Post By TAPnRACK
Post By RobertS
Post By RobertS
Some handgun advise please.
I am purchasing a handgun some.
This will be my first handgun, but I have shot my brothers Browning Hi-power a few times.
I've made my decision and will be getting the Walther PPQ in 9mm.
My question is 4" or 5" barrel ?
I know that the 5" makes the sights further apart making better accuracy, but is it needed ?
I have people saying that you only need the 4" and other people saying that I gotta get the 5"
Will the longer / heavier slide help with recoil ?
This will only be used for shooting at the range and home defense.
It will not be a concealed carry weapon.
So please chime in tell me why I should get a 4c barrel or a 5" barrel.
If it's for range and home defense... I say go with the 5" barrel version.
I own both and let me dispel a myth. The guns in their current state are more accurate than us. Even a cheap ass Hi-point is more accurate than us.
The test target for my 4" has a tighter pattern than the 5", but I attribute that to the shooter.
The 5" is absolutely fine for home defense and range. That is what my 5" is used for.
The slide on the 5" PPQ has cut outs in the fore of the slide to reduce the weight, balance the gun and perhaps to give the barrel some air, but don't let anyone tell you it's a compensator. It's not.
As far as recoil, I don't notice a big difference between the two. I took the 4" to the range today, fired almost 200 rounds through it to drill my double tap. It was fine. I'll do the same for my 5" in another week or so. But I find the recoil not dissimilar.
Practice with FMJ/Ball ammo, run some good hollow points through it for testing. I use Hornady Critical Defense/Duty.
I've fired > 1200 rounds of Blazer Brass, Remington UMC and Fiocchi through my 5" PPQ without any problems whatsoever.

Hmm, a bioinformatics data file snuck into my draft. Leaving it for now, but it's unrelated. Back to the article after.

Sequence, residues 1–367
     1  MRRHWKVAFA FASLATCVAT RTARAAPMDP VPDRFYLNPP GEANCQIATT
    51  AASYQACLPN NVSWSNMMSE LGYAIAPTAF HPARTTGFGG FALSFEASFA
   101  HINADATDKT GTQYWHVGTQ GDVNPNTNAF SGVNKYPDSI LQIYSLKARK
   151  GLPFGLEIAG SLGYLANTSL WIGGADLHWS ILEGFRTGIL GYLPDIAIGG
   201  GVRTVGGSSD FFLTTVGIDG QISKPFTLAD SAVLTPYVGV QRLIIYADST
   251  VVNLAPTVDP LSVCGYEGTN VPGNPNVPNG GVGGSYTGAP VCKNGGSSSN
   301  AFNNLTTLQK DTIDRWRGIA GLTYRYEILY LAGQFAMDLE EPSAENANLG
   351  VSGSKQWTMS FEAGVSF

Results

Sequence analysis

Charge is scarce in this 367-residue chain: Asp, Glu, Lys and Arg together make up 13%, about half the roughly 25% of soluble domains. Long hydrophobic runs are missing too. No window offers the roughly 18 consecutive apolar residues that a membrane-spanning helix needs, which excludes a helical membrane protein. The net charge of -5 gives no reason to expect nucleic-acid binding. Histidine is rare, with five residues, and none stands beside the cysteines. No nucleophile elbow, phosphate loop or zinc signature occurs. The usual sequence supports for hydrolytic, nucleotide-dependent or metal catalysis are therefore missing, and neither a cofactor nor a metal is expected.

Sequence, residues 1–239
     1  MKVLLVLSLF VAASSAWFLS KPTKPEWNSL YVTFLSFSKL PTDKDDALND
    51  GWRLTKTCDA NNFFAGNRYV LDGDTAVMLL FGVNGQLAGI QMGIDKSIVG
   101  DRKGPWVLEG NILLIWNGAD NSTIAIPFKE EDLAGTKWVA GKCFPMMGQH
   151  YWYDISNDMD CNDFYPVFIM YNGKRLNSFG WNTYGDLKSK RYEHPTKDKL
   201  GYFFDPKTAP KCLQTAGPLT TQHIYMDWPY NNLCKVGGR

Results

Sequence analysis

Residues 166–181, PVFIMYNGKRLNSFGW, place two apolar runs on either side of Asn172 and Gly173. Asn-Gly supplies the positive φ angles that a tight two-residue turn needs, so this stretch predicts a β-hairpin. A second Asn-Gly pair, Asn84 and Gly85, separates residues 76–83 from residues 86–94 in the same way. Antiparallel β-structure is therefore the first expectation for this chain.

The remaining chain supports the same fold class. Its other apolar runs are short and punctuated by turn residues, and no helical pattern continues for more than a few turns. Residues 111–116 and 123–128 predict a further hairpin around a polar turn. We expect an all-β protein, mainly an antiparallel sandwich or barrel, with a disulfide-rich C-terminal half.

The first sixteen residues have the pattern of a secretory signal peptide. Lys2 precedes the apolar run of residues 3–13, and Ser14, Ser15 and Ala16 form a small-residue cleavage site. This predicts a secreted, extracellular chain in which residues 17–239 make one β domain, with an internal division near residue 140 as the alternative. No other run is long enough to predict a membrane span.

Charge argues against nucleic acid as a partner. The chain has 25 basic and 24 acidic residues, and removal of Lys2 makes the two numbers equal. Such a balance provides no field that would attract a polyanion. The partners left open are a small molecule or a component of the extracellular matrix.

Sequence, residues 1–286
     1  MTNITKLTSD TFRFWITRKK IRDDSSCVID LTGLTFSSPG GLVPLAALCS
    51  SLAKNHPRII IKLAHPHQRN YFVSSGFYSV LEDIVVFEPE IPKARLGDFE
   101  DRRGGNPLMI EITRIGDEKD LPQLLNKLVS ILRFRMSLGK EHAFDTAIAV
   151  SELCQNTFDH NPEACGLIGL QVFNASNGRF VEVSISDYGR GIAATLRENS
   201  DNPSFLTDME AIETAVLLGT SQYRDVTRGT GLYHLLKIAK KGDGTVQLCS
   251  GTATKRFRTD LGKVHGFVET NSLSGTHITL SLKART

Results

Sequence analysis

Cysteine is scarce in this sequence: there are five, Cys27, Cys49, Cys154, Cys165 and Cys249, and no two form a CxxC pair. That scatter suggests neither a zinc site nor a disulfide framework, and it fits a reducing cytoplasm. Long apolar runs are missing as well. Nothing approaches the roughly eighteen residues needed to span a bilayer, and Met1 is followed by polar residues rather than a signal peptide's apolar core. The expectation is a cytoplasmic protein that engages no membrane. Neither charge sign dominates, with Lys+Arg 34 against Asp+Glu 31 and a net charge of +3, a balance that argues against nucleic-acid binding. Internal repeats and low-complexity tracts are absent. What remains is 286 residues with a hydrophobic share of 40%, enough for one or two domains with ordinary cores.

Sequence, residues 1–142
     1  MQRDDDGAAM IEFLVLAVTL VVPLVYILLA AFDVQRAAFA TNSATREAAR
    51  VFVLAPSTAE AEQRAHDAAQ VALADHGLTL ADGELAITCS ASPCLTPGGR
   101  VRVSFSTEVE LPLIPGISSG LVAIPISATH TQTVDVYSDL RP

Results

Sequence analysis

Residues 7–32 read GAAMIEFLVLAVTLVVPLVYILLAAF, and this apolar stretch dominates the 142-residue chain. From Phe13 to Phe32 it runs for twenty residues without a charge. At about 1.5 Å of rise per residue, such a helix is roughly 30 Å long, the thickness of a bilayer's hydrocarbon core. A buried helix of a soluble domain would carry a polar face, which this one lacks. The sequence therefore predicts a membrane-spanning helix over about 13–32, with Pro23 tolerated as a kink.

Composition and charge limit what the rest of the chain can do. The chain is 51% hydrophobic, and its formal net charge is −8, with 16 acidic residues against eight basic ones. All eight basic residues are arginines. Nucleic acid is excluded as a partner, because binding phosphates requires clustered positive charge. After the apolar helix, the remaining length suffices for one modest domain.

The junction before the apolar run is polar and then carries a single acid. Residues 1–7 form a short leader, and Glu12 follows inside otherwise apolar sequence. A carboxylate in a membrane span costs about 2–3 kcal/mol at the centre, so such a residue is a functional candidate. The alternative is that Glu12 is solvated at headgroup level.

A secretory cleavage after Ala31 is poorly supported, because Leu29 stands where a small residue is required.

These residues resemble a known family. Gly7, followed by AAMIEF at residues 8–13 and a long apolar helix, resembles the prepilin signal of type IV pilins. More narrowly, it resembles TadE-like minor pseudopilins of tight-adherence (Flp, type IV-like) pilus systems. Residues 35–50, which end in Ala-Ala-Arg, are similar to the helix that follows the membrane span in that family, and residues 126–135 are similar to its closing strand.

But AVOID Winchester White Box. Today, I had three jams because the round didn't seat. The third had me looking for help.
Really, the only consideration for the 4" is it's more concealable. Otherwise, the 5" is categorized by Walther as: home defense, competition (glorified target shooting), which I would agree with, but the barrel is not ported, reducing its competition factor.
If your only concern is home defense and target shooting, the 5" is absolutely fine, unless you can get a 4" at a better price. Whichever you can get at a better price, that's what it ultimately comes down to.
Get yourself a Bore Snake, a clean toothbrush, some gun cleaner and gun oil. You can rip up an old tee shirt or tidy whities for rags. That will be your base cleaning kit. You do not need to completely strip it down after every range trip. You just brush the ramp, run a bore snake through and you're done. You'd strip it down and clean the trigger mechanism after about 1000 rounds. For cleaning the trigger mechanism, if you're not comfortable taking the trigger apart, then just get some contact cleaner in an aerosol can.
Lastly, the PPQ is a very fine gun. It's well engineered. It's every bit as good as a glock or Sig and perhaps even better because of the trigger and ergos. You're making an excellent choice.
The 5" is probably the better choice but really, the difference is slight for your use. Like others have said, the biggest area where the 1" would make a difference is in concealed carry because smaller is better.